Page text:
How to Kill and Prevent Spotted Lanternflies

POR Jolene Hansen

The spotted lanternfly is potentially one of the most destructive invasive insects to ever reach the United States. Entomologists believe this Southeast Asian planthopper entered the country in 2012 as egg masses on imported stones.1

Following its 2014 discovery in Berks County, Pennsylvania, the spotted lanternfly's current U.S. range expanded from Pennsylvania into neighboring Northeastern states. Scientists estimate the spotted lanternfly's potential range, if left unchecked, may encompass most of the eastern United States and the Midwest, as well as the Pacific coast.

Understanding and Identifying Spotted Lanternfly Life Stages

Scientists are still learning how the spotted lanternfly lifecycle manifests in North America. Current infestations consist of one generation per year. The pests overwinter solely in the egg stage. Baby lanternflies hatch as nymphs, not larvae, then pass through four stages or "instars" before becoming adults. They molt and grow larger with each life stage.2 Juvenile and adult spotted lanternfly stages are very distinctive:


  • Early or black-stage nymphs comprise the first three instars. Sometimes mistaken for ticks, the nymphs start hatching in mid-spring and mature into midsummer. Their wingless black bodies and legs have bright white spots. Third instar nymphs grow up to 1/4 inch long.
    • Late- or red-stage nymphs, seen from early summer into mid-fall, are the final instar before adulthood. Shaped like early nymphs, their bodies are brilliant red with black patches and bright white spots. They grow up to 3/4 inch long.

    • Adult spotted lanternflies, often mistaken for moths, measure approximately 1 inch long. They're seen from midsummer until late fall's first killing freeze. Their pinkish-tan, black-spotted forewings are tipped with a black, brick-like pattern. Hindwings, typically hidden, are black and white with black-spotted patches of bright red.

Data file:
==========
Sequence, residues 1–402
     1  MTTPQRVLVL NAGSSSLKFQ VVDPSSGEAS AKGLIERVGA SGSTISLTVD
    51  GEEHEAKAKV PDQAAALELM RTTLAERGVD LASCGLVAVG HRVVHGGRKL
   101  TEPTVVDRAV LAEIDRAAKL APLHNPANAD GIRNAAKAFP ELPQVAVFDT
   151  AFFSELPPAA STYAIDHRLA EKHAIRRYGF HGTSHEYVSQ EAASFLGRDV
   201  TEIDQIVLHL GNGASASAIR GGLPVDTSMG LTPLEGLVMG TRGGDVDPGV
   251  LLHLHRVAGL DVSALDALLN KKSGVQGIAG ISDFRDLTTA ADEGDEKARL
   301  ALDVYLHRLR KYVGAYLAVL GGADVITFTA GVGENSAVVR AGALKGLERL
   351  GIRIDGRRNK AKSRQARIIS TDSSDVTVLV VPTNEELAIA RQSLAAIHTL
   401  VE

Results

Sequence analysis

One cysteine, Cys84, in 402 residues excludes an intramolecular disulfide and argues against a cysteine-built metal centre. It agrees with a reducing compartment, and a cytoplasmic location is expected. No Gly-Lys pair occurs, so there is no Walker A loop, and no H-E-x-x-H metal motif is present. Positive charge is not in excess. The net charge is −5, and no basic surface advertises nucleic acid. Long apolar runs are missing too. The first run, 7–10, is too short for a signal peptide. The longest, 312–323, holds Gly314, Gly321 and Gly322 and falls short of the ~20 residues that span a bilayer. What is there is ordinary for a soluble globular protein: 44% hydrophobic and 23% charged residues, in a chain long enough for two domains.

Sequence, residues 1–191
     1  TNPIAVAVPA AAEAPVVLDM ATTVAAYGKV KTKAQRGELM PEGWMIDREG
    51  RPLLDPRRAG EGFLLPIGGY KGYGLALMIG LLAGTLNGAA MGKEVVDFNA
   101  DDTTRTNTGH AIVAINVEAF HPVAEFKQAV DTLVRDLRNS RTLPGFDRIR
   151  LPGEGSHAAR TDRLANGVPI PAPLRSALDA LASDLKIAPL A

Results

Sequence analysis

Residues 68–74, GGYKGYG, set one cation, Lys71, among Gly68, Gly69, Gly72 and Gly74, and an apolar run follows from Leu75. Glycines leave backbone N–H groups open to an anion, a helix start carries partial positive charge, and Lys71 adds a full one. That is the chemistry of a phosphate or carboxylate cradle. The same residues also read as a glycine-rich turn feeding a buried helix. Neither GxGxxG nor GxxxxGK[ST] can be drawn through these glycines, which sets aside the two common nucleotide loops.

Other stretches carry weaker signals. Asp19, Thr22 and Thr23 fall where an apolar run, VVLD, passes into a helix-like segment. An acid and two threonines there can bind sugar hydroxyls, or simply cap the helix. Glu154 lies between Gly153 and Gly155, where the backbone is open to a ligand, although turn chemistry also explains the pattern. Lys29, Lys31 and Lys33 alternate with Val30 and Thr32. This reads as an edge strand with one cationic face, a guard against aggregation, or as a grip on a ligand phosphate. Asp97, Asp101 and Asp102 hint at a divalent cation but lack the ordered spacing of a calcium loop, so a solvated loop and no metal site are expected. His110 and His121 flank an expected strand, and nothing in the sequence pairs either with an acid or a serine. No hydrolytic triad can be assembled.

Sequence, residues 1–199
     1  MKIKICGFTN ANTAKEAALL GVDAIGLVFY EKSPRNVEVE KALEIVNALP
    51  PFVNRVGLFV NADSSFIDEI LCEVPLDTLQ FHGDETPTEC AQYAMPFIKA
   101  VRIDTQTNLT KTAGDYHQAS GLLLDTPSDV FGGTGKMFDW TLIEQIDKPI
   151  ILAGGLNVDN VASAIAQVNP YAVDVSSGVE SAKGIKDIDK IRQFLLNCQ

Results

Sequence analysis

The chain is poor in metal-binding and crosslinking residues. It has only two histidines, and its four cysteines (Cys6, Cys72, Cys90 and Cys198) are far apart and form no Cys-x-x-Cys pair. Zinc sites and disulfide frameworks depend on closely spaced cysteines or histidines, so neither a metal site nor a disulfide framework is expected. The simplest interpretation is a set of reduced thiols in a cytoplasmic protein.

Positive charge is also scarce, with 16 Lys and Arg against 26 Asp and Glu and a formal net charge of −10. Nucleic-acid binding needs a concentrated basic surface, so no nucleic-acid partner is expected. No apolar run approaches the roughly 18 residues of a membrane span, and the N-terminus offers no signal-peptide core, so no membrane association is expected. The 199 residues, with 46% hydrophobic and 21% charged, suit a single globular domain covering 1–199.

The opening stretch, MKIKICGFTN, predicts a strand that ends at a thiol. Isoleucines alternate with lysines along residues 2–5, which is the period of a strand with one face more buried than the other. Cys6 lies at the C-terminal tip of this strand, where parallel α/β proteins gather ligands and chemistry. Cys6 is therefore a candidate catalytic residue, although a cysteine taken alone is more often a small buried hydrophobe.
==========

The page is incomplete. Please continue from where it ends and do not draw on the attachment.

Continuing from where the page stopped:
• Egg masses start appearing in late summer and early fall. Fresh masses measure about 1 inch in length and have a waxy, putty-like appearance. Older masses look like patches of dried mud. Underneath the surface, masses hold four to seven columns of up to 60 seed-like eggs.

Monitoring and Recognizing Spotted Lanternfly Damage

Spotted lanternflies damage plants during all stages, from wingless first instars to winged adults. Their piercing-sucking mouthparts penetrate plant tissues, then suck vital sap from the plant. The beak-like mouthparts of black-stage nymphs can't pierce woody tissue, so they concentrate on new plant growth such as tender stems and leaves. Red-stage nymphs and adults can penetrate tree bark.

Spotted lanternflies are known to feed on more than 70 plants in the United States, including grapevines, apples, blueberries, lilacs, birch, maples, walnuts and stone fruits such as peaches. Their preferred host is the Tree of Heaven, known by the botanical name Ailanthus altissima. This invasive Asian tree is found in nearly every U.S. state.